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Glasgow’s Argyll Arcade regains its luster


By Bennett Voyles
While scouting Europe for new uses for some property, mahogany importer John Reid discovered the elegant covered shopping passages of Paris. Glass-covered shopping arcades had been popular in the notoriously rainy city for 29 years and in equally rainy London for eight. Reid bet that a similar arcade would do well in even rainier Glasgow.

Reid was right. He was so right in fact that his Argyll Arcade is still doing business today, 184 years after its opening. In fact, the passage is looking better than it has in years, thanks to a two-year partial restoration that cost £750,000 (about $1.2 million).

Designed by Scottish architect John Baird, the arcade linked Buchanan and Argyle streets — then, as now, two of central Glasgow’s biggest shopping streets. The narrow, two-story, cast-iron-and-glass-roofed arcade was, like its cousins to the south, a popular venue for dressmakers, milliners and other luxury merchants. It was also the height of modernity and featured in tourist guides even in Victorian times.

As it aged, the roughly 300-foot-long passage also evolved. Charles McKean, a professor of Scottish architectural history at the University of Dundee, recalls the arcade in the 1950s as a paradise for boys that stocked “not the necessities of life but the add-on bits,” including a joke shop. Still operating there was one of the original tenants — the Clyde Model Dockyard: “the best model shop in Scotland,” selling toy boats and trains and similar items. A second-floor tearoom looked down on the arcade. “Boy, is it fun looking down on people,” said McKean.

That tearoom was a landmark in its own right. In 1875 Stuart Cranston, a Glasgow tea importer, hit on the idea of selling cups of tea as a way to boost tea sales and accidentally invented the tearoom: a Victorian-era equivalent, perhaps, of the Starbucks and other coffeehouses of today. The innovation proved so popular that in 1896 Cranston took his four shops public, including the one in the Argyll Arcade.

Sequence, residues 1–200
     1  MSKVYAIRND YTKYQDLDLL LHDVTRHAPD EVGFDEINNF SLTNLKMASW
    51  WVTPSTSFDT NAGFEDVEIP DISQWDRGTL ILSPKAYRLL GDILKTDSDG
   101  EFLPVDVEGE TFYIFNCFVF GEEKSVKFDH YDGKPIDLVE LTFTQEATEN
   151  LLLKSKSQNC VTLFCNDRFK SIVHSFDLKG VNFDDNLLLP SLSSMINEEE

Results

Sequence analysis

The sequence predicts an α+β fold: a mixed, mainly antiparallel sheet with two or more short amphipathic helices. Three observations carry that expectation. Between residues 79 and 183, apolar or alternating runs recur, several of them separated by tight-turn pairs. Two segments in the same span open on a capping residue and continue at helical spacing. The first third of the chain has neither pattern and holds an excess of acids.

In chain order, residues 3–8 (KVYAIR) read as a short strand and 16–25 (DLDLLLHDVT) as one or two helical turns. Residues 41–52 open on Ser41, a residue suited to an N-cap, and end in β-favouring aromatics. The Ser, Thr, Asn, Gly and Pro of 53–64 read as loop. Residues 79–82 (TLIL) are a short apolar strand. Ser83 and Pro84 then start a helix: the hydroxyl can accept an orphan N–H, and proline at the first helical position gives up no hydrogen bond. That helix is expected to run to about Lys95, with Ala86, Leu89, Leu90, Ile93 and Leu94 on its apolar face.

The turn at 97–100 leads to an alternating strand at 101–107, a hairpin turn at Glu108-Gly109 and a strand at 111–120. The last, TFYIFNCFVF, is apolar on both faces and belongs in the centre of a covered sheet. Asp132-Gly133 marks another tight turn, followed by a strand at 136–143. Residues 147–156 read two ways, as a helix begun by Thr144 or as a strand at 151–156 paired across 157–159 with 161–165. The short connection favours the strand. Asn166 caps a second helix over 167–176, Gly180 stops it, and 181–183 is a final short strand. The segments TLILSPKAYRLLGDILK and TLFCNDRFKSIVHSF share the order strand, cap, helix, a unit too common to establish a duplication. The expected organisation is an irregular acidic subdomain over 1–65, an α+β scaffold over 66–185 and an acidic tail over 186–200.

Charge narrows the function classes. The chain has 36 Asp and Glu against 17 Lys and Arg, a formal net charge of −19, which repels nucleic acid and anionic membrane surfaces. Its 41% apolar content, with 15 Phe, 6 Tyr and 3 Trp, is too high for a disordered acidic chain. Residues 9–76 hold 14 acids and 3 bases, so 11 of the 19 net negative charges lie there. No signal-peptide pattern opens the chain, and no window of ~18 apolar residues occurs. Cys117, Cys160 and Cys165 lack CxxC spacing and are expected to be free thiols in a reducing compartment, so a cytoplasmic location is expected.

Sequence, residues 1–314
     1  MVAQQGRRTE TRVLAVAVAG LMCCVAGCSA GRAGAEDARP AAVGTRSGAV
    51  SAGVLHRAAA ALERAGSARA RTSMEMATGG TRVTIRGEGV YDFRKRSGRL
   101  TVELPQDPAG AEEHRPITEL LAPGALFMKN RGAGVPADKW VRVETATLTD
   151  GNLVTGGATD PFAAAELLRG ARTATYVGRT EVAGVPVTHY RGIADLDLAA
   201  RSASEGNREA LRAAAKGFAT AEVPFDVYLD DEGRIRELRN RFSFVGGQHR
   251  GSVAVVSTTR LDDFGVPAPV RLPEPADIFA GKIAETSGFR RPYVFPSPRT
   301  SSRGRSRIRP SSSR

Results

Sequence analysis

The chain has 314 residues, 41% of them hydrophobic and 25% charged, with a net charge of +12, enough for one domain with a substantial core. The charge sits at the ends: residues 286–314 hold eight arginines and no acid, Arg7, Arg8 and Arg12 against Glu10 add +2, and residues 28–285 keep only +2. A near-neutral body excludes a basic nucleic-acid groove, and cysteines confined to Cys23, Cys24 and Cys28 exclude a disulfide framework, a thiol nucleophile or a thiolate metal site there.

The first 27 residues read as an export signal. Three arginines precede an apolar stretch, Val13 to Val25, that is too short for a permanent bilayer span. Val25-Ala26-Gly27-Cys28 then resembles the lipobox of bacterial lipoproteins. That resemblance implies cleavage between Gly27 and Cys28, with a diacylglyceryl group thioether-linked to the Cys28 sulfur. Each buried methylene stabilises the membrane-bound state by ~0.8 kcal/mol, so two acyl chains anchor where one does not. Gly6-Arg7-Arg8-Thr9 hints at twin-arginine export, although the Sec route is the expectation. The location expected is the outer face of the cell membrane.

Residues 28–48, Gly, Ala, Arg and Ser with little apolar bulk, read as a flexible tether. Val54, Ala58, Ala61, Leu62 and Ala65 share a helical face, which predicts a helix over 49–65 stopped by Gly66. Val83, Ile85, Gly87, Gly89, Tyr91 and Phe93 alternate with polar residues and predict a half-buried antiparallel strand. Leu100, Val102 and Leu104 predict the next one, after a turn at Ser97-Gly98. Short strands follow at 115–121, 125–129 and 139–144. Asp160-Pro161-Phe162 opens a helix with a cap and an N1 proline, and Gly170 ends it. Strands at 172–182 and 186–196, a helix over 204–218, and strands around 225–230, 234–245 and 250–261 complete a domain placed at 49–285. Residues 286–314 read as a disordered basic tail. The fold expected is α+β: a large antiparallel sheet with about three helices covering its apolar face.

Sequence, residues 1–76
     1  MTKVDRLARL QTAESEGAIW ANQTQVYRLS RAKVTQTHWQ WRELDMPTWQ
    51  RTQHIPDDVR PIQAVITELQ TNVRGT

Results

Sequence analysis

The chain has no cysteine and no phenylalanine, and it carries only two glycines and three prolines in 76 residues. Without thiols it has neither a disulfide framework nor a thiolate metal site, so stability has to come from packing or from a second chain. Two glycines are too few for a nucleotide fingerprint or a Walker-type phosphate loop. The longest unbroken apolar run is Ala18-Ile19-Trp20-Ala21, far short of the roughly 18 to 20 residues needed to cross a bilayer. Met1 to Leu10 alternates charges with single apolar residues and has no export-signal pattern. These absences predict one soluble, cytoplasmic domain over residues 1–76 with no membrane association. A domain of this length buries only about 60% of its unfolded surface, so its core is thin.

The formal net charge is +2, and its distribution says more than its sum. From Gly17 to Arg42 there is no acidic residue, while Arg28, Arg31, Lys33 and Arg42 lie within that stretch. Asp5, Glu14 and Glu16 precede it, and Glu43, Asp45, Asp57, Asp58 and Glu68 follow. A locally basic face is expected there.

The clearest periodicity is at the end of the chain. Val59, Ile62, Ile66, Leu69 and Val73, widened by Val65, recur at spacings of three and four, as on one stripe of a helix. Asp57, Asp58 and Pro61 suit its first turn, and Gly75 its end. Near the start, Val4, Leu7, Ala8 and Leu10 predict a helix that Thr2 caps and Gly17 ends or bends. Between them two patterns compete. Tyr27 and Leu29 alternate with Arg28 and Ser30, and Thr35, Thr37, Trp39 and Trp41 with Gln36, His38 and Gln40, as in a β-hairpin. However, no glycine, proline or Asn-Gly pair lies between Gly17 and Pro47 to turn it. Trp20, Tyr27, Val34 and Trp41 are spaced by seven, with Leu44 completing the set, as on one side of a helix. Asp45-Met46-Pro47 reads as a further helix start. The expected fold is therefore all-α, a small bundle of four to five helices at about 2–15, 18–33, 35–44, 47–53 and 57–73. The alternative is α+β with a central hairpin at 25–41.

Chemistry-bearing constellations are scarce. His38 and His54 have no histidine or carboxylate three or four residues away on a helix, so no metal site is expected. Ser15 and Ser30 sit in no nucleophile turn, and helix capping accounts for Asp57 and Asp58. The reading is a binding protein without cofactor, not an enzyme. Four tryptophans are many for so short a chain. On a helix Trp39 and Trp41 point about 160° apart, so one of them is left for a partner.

About 15 years ago the tearoom closed, perhaps reflecting the changing fortunes of central Glasgow, which was once among the largest and richest cities in Europe and was even considered the “second city of the British Empire.” The decline of its shipbuilding and other heavy industries and the depredations of unsuccessful urban renewal have shrunk the population from 1 million to 600,000 over the past 100 years. Glaswegians moved to the suburbs and took their shopping with them. Outside of a central core on Buchanan and Argyle, most shopping now takes place in large suburban centers, McKean says.

Unable to compete any longer as a mall, the Argyll evolved into a destination for jewelry, a high-value purchase requiring little inventory space — perfect for the narrow old shops. Jewelers had always had a place in the mall, but now 31 of the 33 stores are jewelers. (The model shop never made it, closing in the early 1970s as tastes in toys changed.)

Despite a solid strategy, the arcade still faced a major operational hurdle: cooperative ownership. The Cranston family, which operated not only tea shops but also nonalcoholic hotels, had sold off individual storefronts over time, leaving the arcade owned by some three dozen owners. Maintenance was neglected for the past 25 years or so, says Kyron Keogh, chairman of the owners’ committee and co-owner of jeweler Rox. When Jones Lang LaSalle took over as property manager in 2008, a survey uncovered multiple problems, particularly with drainage and the roof. So many sections of the roof leaked that some of the owners had to put out buckets when it rained. “On the west coast of Scotland, that’s a problem,” said Niall Robertson, the Jones Lang LaSalle associate director who conducted the survey.

Convincing the owners that something had to be done was not difficult. “There was no choice — it had to be done, from a health and safety point of view,” said Simon Porter, representing the fifth generation of Porters to man the counter of James Porter & Son, the Argyll’s oldest jeweler. Helping sweeten the otherwise bitter pill was the participation of the Glasgow City Heritage Trust, which pitched in with £200,000 in grants.

Much of the work done was hidden from view, but the repairs did yield some plainly visible benefits as well. While investigating the roof, for instance, Robertson had pulled up the plywood and uncovered some ornamental iron grillwork panels that had been unseen for decades.

Restoring the pre-Victorian-era decor may return the arcade to its origins visually, of course, but in other respects the owners are trying to change with the times. Cranston’s tea shop, for example, is back — sort of. Rox has rechristened the second-floor space the Diamond Bar, and the shop’s associates invite customers to share a cup of coffee or glass of champagne in the airy, skylit space. “It adds a bit of theater,” said Keogh. And as Reid proved nearly two centuries ago, theater is a sales element that is not to be underestimated.

This story is from the June 2011 issue of Shopping Centers Today.

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